Health Secretary Jeremy Hunt has said that he will look at the underperformance of EMAS following demands from two Lincolnshire MPs for the service to be improved.
Boston and Skegness MP Matt Warman and Gainsborough MP Sir Edward Leigh both raised concerns about the quality of care EMAS provides in rural communities in Lincolnshire during a House of Commons debate on NHS performance and mental health.
Speaking during the debate on January 9, Matt Warman highlighted concerns from Lincolnshire Police and Crime Commissioner Marc Jones that officers were acting as ambulance drivers, shuttling patients in rural areas to hospitals.
The Boston MP said that the vital reforms of health and social care risked being “undermined” by EMAS.
Veteran MP Sir Edward Leigh went one step further, claiming that people have been left lying in the street in places like Market Rasen, as they wait two hours for an ambulance to arrive.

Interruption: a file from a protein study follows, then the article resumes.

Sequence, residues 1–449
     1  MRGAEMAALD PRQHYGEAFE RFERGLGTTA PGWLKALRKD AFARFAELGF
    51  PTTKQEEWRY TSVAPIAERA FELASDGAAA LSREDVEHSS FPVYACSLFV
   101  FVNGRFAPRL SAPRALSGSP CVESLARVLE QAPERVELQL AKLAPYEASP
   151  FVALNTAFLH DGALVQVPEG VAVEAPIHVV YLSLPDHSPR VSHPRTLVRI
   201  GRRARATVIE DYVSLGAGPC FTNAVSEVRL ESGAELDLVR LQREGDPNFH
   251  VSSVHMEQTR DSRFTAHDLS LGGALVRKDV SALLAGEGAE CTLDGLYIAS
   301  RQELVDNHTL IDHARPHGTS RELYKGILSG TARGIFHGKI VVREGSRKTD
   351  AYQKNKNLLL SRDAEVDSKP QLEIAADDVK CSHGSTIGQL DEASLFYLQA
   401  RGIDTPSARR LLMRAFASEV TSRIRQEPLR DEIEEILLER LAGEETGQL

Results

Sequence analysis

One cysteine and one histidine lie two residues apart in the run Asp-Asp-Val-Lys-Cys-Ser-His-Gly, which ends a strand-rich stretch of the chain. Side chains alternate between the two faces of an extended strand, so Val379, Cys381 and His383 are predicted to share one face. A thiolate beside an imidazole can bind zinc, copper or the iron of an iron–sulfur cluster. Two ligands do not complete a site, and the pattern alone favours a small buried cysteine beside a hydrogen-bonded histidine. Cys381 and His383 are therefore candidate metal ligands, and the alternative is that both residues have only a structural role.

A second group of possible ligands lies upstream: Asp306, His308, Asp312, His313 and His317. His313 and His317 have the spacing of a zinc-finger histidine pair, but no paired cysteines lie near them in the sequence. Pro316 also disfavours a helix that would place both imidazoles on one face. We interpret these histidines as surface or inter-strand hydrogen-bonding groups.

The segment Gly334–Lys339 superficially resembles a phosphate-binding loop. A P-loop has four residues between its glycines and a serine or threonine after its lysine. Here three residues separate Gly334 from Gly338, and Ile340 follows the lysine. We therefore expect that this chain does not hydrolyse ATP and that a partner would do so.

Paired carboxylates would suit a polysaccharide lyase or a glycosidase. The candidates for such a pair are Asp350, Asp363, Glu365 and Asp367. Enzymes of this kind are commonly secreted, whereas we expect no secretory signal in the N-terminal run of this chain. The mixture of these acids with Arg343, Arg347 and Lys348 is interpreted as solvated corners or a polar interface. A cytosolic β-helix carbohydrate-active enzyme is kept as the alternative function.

The Gainsborough MP again suggested the possibility of social insurance models or charging people who do not turn up for appointments, something the Health Secretary was keen to distance himself from.
Jeremy Hunt admitted he did not have a solution to all the problems outlined.
The Health Secretary said: “I do not have a solution to it now, but I want him to know that I understand that, in rural areas, people can wait too long for ambulances.
“Our system of targets gives ambulance services an incentive to prioritise the calls to which they can respond quickly in nearby towns, but I shall look into the issue.”